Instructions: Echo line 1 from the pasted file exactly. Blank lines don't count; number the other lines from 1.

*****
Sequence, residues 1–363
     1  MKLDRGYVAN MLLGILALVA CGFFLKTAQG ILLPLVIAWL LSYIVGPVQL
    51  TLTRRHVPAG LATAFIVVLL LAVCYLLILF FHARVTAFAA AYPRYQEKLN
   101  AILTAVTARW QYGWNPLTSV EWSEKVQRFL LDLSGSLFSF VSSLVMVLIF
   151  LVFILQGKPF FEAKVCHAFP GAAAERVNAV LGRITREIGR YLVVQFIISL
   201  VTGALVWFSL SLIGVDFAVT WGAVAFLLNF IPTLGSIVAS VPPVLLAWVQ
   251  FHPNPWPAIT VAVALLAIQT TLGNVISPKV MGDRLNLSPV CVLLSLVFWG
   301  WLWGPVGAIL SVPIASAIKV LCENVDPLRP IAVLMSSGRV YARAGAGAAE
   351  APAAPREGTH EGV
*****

Sequence, residues 1–363